Francisco A. Laguna & Jennie Linder Cunningham
This week we continue our series on Australia, focusing on the country’s trade relations with Japan and the United States.
Australia-Japan trade dates to the mid-19th century, and, with the exception of World War II, Japan has been Australia’s most significant trading partner. The first trade agreement Japan sought with Australia sought dates to 1915. Australia primarily exports coal and iron ore/iron ore concentrates, along with copper ores and beef to Japan, while importing mainly vehicles and some refined petroleum.
As a result of the global recession, Australia’s Free Trade Agreement talks with Japan stalled; however, the current administration of Prime Minister Tony Abbott has expressed that the successful negotiation of the FTA is a high priority. Trade experts note that one of Abbott’s two foreign affairs advisers, Andrew Shearer, is a Japan specialist who was instrumental in crafting the 2007 defense and security pact between the two countries known as the Japan-Australia Joint Declaration on Security Cooperation (JDSC).
Japan has also expressed a renewed interest in concluding the FTA talks, mainly in order to get a jump on its Asian competitors, including China. In particular, the high-tech manufacturing sector has been petitioning the Japanese administration to conclude the talks, to give them the best chance of increasing market share in everything from Japanese cars to cameras and televisions. This is highly prescient and could be a matter of timing, as China moves to diversify its economy beyond low-tech manufacturing into the sectors that Japan has historically dominated.
Australia and the United States have long regarded each other as political and economic allies, despite the significant physical distance between the two countries. The United States has also historically been a major presence in Southeast Asia, and remains the focus of nations like Australia, South Korea, Japan, and even the Philippines, as China continues to assert a greater presence in the region and as it recently surpassed Japan as the world’s second-largest economy.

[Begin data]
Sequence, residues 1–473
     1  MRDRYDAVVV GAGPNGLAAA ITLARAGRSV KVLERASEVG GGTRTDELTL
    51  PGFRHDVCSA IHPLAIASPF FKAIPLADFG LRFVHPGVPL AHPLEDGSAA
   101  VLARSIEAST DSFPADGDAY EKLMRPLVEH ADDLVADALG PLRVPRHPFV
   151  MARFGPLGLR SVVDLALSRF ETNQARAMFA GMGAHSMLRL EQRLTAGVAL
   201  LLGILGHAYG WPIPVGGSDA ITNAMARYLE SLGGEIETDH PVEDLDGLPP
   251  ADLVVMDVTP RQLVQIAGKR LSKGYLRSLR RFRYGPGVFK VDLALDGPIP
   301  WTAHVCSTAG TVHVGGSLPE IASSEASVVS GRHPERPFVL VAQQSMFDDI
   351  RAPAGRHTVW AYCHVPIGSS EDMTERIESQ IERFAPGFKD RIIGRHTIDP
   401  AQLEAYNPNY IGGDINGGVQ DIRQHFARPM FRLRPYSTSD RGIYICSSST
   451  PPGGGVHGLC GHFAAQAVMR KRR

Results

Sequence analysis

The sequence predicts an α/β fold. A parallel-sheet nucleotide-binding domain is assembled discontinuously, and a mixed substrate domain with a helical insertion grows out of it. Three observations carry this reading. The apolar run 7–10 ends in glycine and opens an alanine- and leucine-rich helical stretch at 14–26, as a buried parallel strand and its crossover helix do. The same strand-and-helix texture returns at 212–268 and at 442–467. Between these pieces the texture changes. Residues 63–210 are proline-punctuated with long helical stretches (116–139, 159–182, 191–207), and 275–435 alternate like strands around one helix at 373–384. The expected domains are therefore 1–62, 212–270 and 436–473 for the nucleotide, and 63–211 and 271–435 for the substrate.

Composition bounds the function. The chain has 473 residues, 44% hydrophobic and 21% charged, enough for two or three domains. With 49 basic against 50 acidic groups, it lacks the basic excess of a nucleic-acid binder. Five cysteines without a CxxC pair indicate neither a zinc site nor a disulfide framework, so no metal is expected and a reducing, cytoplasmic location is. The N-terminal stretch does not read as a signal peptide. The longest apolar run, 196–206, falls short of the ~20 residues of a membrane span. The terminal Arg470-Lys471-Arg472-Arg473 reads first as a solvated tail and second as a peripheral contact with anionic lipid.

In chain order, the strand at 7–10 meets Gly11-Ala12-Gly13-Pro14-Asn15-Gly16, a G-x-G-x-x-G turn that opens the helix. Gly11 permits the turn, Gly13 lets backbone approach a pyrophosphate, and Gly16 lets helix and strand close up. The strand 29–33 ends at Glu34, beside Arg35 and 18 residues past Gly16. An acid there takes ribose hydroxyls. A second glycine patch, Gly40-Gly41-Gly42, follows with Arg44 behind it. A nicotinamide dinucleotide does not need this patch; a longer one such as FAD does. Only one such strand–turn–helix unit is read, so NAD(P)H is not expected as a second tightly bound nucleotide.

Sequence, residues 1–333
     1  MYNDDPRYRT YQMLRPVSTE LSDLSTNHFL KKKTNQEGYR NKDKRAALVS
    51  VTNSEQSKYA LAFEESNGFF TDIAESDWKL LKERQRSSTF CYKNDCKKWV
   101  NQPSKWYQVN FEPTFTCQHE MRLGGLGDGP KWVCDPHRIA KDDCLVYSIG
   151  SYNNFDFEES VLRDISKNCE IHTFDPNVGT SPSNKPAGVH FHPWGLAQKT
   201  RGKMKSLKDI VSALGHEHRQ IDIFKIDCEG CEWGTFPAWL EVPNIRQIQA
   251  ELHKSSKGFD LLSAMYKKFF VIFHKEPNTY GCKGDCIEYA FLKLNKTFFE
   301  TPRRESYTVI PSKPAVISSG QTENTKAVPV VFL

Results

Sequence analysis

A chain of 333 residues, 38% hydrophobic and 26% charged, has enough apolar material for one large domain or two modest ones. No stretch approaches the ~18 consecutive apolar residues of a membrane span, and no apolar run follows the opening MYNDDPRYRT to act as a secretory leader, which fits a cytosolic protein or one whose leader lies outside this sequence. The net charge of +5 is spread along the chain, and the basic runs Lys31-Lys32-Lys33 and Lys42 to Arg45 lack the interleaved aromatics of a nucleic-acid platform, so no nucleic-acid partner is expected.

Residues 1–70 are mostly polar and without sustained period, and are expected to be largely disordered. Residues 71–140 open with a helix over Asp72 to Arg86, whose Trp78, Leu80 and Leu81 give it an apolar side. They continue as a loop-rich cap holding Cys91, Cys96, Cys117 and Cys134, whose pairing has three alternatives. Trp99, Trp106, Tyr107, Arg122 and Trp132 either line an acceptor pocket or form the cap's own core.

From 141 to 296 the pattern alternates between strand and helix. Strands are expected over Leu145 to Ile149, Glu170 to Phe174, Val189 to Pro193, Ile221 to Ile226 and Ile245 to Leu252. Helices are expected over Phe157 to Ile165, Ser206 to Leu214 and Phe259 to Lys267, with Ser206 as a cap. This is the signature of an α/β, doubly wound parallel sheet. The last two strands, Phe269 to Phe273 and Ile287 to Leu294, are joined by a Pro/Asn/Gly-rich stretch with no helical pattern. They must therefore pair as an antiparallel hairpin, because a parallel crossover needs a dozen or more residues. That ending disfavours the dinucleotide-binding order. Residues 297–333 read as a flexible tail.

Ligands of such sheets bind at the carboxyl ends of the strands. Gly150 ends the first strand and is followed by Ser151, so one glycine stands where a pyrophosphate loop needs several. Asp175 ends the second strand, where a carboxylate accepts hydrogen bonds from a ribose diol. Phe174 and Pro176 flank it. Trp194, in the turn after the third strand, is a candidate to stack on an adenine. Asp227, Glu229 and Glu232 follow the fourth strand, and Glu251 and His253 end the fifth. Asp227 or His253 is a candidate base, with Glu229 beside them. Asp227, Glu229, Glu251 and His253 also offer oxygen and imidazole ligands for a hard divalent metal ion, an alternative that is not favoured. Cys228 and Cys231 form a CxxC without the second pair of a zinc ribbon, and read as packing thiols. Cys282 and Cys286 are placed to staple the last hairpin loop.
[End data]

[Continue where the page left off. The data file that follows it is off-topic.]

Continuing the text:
Through its Pivot to Asia policy, the US has indicated that it intends to increase its presence in the region. However, the US is currently in initial stages of implementing a “pivot” (from the Middle East), as it remains wary of overextension in Asia while still involved in the Middle East. Assistant Secretary of State for East Asian and Pacific Affairs Kurt Campbell recently stated that the countries of the Asia-Pacific recognize that the United States still had pressing situations in Afghanistan and Iraq, and a premature withdrawal would not be positively indicative of Washington’s commitment to the region.
The US is Australia’s fourth largest export market and second largest import market. Overall, it is Australia’s third largest trading partner (after China and Japan). Exports to the US account for A$14.6 billion, a 4.9% share, with imports totalling $41.6 billion, a 13% share. Two-way trade is estimated at $56.2 billion, after China with $125.2 billion and Japan with $71.1 billion. From these numbers alone, and by referencing the trade table in last week’s blog, we can determine that the US-Australia connection goes beyond the economic. A 9% trade share is not insignificant, but it pales in comparison to China’s 20.3%.
The 2005 US-Australia Free Trade Agreement is a fairly new development, and one that bears watching. According to the Office of the US Trade Representative, the FTA established working groups in 2009 to examine several issues and potentially foster cooperation on the agricultural, sanitary, and phytosanitary fronts. Recall that food exports, agriculture, and farmland remain major hurdles to resolving the China-Australia FTA.
TransLegal has two correspondent offices in Australia in Sydney and Perth. We are available to answer your questions concerning doing business in the country.